I found a new interesting website called Social Fresh and also this article about online reputation. Great tips&tricks !
According to a report by Internet World Stats, English is the most widely employed language on the internet. However, in order to expand your business internationally a multilingual platform is the best way to reach people globally, using various languages.
Daunting as it may seem, building up your online reputation, or ‘brand buzz’, is simple enough with a few useful tips to guide you along the way.
1. Capitalize with a professional translator
Before jumping in the deep end you should think about how you are going to translate your content for markets overseas. While there are numerous free online translation engines, such as Yahoo! Babel Fish and Babylon, by using these you run the risk of misrepresenting your message with linguistic and contextual errors. Employing the skills of a native-speaking translator will eliminate these inaccuracies.
Without professional translation, international customers will view your brand as substandard due to the fact that you haven’t taken the time to understand their language coherently to get your message across. Bear in mind that 85 percent of internet users (according to Common Sense Advisory) will not purchase a product online if there’s no information available in their native language.
2. Research the local social networks
Facebook and Twitter aren’t dominant in every country – in many places around the world there are unique social media which attract the vast majority of social networkers. For instance, if you’re looking to build your brand up with consumers in China, then you would need to build your presence on Qzone and Renren, while Google’s Orkut network is popular in Brazil and India.
3. Campaigns for social media are unique
Rolling out one social media campaign worldwide won’t fit the needs of all the markets you are targeting. This is where you will need to think about the fact that there will be social and cultural differences as well as linguistic differences. A campaign that is specifically targeted at your Chinese audience won’t have any relevance to your American audience and viceversa.
For instance, you need to make sure that your updates are relevant to their audience – does the audience in China care about a new product launch in the UK? And are you best utilizing the medium for your target audience – for example, Old Spice Guy worked perfectly for a western audience, however many Indians like to use social media as a self-promotional tool for their singing careers; you could harness the crowd’s desire for recognition.
4. Respond to feedback
Social media is a conversational medium, and whether you receive negative or positive feedback you should take the time to respond, and do so in a professional manner. The way you respond can massively affect your online reputation, so it shouldn’t be taken lightly.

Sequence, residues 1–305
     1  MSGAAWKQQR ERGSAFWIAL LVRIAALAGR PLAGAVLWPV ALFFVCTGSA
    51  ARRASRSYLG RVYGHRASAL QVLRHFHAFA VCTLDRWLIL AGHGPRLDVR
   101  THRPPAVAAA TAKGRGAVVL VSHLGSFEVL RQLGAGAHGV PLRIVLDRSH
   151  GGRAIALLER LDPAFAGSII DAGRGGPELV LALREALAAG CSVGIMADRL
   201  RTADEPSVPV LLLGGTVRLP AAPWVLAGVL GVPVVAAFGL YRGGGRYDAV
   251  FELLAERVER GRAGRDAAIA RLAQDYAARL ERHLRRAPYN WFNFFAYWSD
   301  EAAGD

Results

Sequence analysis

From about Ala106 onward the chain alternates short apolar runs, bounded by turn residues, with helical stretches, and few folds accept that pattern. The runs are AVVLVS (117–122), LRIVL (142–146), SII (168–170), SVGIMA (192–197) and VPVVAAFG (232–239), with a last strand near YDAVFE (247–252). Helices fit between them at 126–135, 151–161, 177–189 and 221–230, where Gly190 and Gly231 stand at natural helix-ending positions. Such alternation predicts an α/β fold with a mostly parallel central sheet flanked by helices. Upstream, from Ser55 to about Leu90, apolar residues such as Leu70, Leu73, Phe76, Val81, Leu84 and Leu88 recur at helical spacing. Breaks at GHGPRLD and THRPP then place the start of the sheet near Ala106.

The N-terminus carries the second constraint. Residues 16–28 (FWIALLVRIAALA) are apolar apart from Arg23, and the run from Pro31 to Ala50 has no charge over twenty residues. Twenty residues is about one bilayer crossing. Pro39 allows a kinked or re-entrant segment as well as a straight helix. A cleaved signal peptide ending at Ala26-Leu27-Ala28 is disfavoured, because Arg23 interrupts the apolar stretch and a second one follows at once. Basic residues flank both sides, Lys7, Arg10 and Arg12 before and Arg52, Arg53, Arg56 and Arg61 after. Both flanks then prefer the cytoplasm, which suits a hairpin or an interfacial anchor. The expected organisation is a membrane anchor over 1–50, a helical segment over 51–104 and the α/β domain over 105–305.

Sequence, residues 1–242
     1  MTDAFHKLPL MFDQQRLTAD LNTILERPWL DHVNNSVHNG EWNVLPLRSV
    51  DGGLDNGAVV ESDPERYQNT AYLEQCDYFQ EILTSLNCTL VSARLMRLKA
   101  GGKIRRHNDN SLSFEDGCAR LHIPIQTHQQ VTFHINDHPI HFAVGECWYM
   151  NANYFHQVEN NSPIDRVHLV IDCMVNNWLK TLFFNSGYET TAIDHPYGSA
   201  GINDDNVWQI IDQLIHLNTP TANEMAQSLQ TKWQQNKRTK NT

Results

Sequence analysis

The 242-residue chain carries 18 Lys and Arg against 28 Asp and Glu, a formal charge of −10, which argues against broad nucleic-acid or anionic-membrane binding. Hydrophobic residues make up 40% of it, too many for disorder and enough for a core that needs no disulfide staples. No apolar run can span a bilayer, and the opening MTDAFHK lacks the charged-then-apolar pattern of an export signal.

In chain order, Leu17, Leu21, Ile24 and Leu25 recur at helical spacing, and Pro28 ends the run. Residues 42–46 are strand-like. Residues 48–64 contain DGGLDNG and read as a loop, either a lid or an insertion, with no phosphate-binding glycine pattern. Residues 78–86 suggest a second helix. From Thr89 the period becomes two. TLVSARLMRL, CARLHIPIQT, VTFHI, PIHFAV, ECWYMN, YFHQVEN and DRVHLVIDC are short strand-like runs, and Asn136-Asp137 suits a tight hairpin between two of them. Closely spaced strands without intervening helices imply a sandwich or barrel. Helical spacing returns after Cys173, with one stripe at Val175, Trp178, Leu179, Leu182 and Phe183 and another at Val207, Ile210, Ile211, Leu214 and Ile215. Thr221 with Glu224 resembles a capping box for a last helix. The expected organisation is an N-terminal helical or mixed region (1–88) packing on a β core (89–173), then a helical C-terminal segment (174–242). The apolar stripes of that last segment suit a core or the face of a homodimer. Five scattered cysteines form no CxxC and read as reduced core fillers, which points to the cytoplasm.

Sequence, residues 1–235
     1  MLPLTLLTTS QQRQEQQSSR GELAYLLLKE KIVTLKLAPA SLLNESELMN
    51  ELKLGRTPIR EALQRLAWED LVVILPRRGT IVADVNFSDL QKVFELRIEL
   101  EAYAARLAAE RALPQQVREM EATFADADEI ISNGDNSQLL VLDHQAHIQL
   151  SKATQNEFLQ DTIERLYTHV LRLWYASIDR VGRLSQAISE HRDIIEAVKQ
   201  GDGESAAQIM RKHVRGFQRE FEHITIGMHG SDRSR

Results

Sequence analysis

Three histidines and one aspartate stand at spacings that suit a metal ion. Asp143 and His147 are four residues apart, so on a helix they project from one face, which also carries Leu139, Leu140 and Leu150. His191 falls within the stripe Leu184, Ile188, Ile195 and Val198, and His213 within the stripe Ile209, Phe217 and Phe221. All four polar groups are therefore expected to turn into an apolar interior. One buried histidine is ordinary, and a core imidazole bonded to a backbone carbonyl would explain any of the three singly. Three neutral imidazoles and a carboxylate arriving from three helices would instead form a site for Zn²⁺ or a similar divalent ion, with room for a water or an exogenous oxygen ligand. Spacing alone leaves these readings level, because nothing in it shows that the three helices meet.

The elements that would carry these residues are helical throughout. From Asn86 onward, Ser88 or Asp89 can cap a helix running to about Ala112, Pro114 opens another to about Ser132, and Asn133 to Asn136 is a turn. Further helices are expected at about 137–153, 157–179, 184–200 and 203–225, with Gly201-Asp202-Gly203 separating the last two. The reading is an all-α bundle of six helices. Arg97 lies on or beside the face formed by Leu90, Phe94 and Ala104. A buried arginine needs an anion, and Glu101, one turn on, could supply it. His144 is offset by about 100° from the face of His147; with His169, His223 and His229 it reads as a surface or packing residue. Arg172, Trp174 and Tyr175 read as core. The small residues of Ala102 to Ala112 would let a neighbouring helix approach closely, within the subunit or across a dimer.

Fair complaints should be responded to honestly. If an internet user notices a fault that you are working on, reply back with pointers on how you are solving the issue. If, however, the complaint is unfair take the time to give your side of the story positively. Avoid a war-of-words scenario, which will negatively impact your reputation.
5. What do you want to communicate?
When building an international online reputation it is vital that you know what it is you want to say to your audience. Furthermore, it should be interesting and should be communicated in bite size amounts for people to process easily.
Break down your key messages and aims (conversions, enquiries) and look at how you can communicate these messages in a way which will be readily received by your various international target audiences. Should you be running competitions and giveaways, producing video content, or offering interactive content/games?
6. Keeping hold of your audience
In producing and disseminating quality content, you’ll also need to heed cultural differences. For example, Germans are more concerned when it comes to their data security on social networks, while the Chinese are big fans of free downloads and the Japanese are more willing to pay for quality content compared to other countries.
7. Monitor your reputation
A good tool to use is monitorThis, as it allows you to monitor where your brand is being mentioned in 25 different search engines. Another tool to consider using is Keotag, which alerts you to any blog posts that have tagged you, by using collected data from numerous search engines.
One other source to use is RepVine, which allows you to monitor information about yourself and others, all of which helps you to keep track of, and enhance, your business reputation online and through social media.
Source: Social Fresh